Susan Wise Bauer (SWB): Longer than I think it is going to, always! You may be familiar with the four-volume history volume for elementary students. Well, I published that through my own company, although I also publish through W.W. Norton occasionally. And my editor there called me and said, ‘Hey, this is a great book! You should do that for adults!’ So I said, ‘Do what? Write the history of the world? The … whole world?’ My editor said, ‘Yes! How long do you think it will take you?’ And so I replied with a tentative ‘ten(?) years.’ And, well, we are fifteen years in now, I’ve completed three volumes, and there is no end in sight. My first three or four books probably took me two, two-and-a-half years each to write. When I write my books, I always write way too many words and then cut them down. So, for my The History of the Ancient World, which was the first book in my history series for adults, I think it ended up at about 120,000 words., Bbut I had written 300,000 words, and so then I had to cut more than half of them out. So, it is a very laborious process. What I’ve started doing is thinking about how long I think it will take me to write the book, and then doubling it, to come up with an estimate. So, at least two-and-a-half years, but sometimes more like eight. Or eleven. Or … whenever it gets done!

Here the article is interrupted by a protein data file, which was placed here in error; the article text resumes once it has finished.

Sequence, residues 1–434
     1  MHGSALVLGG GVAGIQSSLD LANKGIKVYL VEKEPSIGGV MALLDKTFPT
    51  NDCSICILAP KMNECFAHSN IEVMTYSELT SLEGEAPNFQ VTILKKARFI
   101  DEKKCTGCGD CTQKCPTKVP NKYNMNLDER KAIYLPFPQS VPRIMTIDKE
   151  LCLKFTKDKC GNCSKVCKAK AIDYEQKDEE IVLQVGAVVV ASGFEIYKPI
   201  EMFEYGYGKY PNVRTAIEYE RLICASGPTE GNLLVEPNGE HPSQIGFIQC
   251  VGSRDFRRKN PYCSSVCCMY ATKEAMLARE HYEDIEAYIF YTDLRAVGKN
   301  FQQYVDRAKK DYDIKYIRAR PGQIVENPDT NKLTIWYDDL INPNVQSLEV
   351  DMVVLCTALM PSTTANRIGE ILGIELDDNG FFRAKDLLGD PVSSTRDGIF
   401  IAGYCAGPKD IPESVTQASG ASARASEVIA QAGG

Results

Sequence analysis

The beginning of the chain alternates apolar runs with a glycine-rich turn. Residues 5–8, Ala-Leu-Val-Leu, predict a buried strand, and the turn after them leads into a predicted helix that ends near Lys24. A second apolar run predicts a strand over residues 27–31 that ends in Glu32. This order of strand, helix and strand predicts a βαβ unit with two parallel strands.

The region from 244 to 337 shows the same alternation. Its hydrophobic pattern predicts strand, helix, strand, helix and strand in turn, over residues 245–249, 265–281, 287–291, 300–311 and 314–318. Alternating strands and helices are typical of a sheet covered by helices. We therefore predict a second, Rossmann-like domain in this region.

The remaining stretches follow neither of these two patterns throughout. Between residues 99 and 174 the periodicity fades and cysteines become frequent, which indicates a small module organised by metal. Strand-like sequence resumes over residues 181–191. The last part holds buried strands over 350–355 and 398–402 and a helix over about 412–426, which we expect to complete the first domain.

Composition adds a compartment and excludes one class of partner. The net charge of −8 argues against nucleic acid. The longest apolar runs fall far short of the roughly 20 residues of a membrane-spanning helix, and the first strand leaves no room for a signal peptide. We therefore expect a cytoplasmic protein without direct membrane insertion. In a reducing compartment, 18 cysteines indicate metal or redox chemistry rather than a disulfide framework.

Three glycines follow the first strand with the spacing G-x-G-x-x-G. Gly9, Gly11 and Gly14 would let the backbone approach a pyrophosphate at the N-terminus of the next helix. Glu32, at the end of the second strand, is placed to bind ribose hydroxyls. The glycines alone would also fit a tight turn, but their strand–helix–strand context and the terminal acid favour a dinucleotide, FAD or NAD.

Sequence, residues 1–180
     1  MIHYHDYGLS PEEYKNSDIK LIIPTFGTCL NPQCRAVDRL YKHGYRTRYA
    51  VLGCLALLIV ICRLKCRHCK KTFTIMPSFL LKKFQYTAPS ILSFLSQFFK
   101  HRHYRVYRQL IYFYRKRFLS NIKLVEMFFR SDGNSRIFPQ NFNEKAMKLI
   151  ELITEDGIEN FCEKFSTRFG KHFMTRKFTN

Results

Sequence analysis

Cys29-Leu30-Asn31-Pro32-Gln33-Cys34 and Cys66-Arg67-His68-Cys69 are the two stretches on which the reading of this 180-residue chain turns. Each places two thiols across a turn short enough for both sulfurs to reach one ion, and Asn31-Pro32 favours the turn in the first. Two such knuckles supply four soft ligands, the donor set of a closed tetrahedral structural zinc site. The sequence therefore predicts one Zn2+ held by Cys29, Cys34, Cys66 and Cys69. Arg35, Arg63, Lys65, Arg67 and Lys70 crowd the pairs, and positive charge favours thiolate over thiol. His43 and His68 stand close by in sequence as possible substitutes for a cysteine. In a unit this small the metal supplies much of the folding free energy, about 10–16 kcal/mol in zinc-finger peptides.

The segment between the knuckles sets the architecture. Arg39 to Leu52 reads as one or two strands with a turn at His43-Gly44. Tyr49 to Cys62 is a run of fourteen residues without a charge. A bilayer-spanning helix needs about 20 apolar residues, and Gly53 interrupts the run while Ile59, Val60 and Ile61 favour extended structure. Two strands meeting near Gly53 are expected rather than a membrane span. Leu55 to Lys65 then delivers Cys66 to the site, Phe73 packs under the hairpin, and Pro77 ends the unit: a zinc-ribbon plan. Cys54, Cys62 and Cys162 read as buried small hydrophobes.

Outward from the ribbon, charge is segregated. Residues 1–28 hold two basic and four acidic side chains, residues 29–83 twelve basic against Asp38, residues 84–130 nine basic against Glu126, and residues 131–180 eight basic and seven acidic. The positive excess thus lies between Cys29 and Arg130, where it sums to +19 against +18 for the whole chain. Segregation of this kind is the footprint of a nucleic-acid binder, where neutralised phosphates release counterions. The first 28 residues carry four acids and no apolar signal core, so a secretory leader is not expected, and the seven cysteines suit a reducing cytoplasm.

Student Question: How do you manage all of these different things [the farm, running several businesses, writing]? What does a day in your life look like?